Cannabis is consumed in many different ways, but the most common method of smoking is vaporization. Cannabis products can also be taken by ingesting edibles and possibly by sublingual or rectal administration. This is executed through transdermal delivery, eye drops or aerosols.

On the other hand, inhalation by smoking or vaporization releases maximal levels of THC (for hemp, CBD) into the bloodstream in under 5 minutes. This effect wears off within 2-3 hours.

Even with a fixed dose of THC in a cannabis joint, THC pharmacokinetics and effects vary depending on the weight of a cannabis cigarette during preparation, the concentration of other cannabinoids, the rate of inhalation, depth and duration of puffs, volume inhaled, extent of breath-holding, vital capacity, escaped smoke and dose titration.

An extensive comparison of smoke generated by igniting cannabis and tobacco cigarettes demonstrated qualitative similarities in specific compounds, but also steep quantitative differences. The presence, in mainstream or sidestream smoke of cannabis cigarettes, of known carcinogens and other chemicals implicated in respiratory diseases must be a consideration when evaluating the safety and risks associated with cannabis smoking. Lower temperature vaporization of cannabis has been postulated as safer than smoking, as it may deliver fewer high molecular weight components than smoked cannabis.

Increasingly, delivery of cannabis to the brain for medical or recreational use is via cannabis vaporization. Heating cannabis at moderate temperatures produces a fine mist of cannabis vapors that are inhaled via electronic cigarettes, a delivery method that elicits a similar response while reducing exposure to pyrolytic byproducts. Vaporization reduces the characteristic odor of cannabis smoke, enabling diminished awareness by others.

However, there are many other ways of consuming cannabis safely besides vaporization. Hashish oil, a solvent-extracted liquid, is consumed by smoking or inhalation vaporization or as a food additive.
Users report more addictive behaviors and withdrawal symptoms with high THC levels, especially with the use of hashish oil.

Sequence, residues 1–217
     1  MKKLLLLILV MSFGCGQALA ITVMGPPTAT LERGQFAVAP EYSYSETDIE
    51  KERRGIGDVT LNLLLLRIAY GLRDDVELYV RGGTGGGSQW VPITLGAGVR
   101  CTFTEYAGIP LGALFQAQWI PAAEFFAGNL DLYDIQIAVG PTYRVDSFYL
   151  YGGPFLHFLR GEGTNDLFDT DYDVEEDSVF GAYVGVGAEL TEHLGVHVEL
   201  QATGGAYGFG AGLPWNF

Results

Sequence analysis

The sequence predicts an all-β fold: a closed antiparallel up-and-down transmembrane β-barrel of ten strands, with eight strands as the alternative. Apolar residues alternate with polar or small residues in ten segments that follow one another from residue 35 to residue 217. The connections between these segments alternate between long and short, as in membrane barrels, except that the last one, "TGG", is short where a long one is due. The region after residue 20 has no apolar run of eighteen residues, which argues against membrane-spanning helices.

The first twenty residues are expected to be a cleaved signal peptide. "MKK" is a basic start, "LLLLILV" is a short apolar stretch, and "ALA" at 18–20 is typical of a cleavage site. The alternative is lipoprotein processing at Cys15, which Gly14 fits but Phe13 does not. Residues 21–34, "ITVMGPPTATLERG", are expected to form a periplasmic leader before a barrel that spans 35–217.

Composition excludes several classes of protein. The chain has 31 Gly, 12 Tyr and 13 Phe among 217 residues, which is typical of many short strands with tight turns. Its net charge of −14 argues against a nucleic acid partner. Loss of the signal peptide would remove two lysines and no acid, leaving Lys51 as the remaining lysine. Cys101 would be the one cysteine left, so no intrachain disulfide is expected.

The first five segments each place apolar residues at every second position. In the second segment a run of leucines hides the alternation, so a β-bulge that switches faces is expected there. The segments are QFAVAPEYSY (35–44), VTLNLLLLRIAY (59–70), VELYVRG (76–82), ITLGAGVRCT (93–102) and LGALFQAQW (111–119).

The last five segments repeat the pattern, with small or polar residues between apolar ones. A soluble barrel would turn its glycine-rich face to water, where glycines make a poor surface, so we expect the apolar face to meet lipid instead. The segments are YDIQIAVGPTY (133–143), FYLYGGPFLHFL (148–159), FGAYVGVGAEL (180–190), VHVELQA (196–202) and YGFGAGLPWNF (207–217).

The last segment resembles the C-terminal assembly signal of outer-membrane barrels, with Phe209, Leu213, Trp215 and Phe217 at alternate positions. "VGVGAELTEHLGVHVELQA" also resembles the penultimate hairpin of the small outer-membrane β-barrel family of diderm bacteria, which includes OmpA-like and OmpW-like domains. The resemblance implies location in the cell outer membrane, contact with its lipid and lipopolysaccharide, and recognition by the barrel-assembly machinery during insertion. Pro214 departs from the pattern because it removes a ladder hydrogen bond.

Oral ingestion from cannabis edibles is a slow absorption process. Interestingly, oral ingestion delays the psychoactive effects to 30-90 minutes, with peaks at 2-3 hours and effects lasting for longer periods of about 4-12 hours. However, again, this depends on THC levels.

Smoking multiple cannabis cigarettes or chronic long-term use leads to higher maximal concentrations, longer duration in blood, and longer biological half-life, compared with smoking a single cigarette or infrequent smoking. Moreover, chronic, frequent cannabis smokers’ exhibit extended detection windows for plasma cannabinoids, reflecting a large cannabinoid body burden. Metabolic elimination of THC from newly smoked cannabis is much slower after years of heavy cannabis use.

When a single 6.8% THC cannabis cigarette was administered to frequent and to occasional users, plasma THC concentrations were significantly higher in frequent smokers than in occasional smokers at most time points from 0.5 to 30 h. However, the median time of the last detection was 3.5 hours in frequent cannabis smokers and 1 hour in occasional, casual cannabis smokers. In chronic cannabis users who smoke almost daily, THC can be detected in the blood during a full month of sustained abstinence of cannabis.

Knowing the different methods of consuming cannabis, but as well as how THC can affect you in relation to your THC tolerance is critical.

Author's Bio: 

Cannabis consumption refers to the variety of ways cannabis is consumed, among which inhalation (smoking and vaporizing) and ingestion are most common.